For an engineering connection: One of the biggest Hollywood hits of last year was Black Panther. Although the film is fictional, our editors loved the movie’s diverse casting and celebration of science. In fact, Scholastic’s Science World magazine profiled a young reader who was so inspired by the character Shuri, a young black scientist in Black Panther, that he started a STEM club to bring together young creators of color.

    For a space-history connection: Before Hidden Figures debuted in theaters, most people — including me — had never heard about the black female mathematicians who worked at NASA during the space race. These amazing women helped launch rockets into space and get astronauts on the moon. You can learn more about them using Scholastic MATH’s Moon Math article including a compelling video interview with Christine Darden, a NASA scientist who began her role at NASA as a human computer. In the article, you’ll find a math connection about using angles to plot a flightpath.

    For a career connection: Part of our mission involves highlighting the successes of underrepresented groups in STEM careers. Alicia Boler Davis, an engineer and executive at General Motors (GM), is a perfect example. She supervises 165,000 employees and the production of more than 9 million vehicles each year worldwide. We interviewed her in an inspiring video and Q&A on what it is like to be an auto engineer. For a science connection, we asked students to design a robot.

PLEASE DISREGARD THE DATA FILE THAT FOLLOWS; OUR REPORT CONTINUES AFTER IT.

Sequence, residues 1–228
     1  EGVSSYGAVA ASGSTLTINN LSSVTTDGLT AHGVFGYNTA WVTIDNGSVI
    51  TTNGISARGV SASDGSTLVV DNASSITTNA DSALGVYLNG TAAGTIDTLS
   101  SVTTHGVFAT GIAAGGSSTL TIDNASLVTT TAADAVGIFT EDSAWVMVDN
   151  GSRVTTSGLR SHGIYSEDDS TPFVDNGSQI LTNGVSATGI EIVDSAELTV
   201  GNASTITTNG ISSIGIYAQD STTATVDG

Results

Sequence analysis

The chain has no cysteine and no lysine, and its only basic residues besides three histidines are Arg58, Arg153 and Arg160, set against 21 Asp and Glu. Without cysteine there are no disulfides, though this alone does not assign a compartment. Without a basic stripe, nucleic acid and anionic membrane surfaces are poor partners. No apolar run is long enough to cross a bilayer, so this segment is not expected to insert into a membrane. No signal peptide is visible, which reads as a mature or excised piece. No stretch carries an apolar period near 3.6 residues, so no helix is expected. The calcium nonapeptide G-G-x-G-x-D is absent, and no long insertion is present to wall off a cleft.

As always, I hope that our engaging articles and digital resources can help you inspire and empower your students to love STEM as much as we do. To bring Scholastic Magazines into your classroom all year long, subscribe today.

     

    Patricia Janes is the Vice President of Scholastic’s STEM and Art magazines for grades 3 through 12. She is a former teacher who loves all things STEM — as evidenced by her degrees in physics, environmental studies and math. 

Comments

Share your ideas about this article

Susan Cheyney

GRADES: 1-2
About Us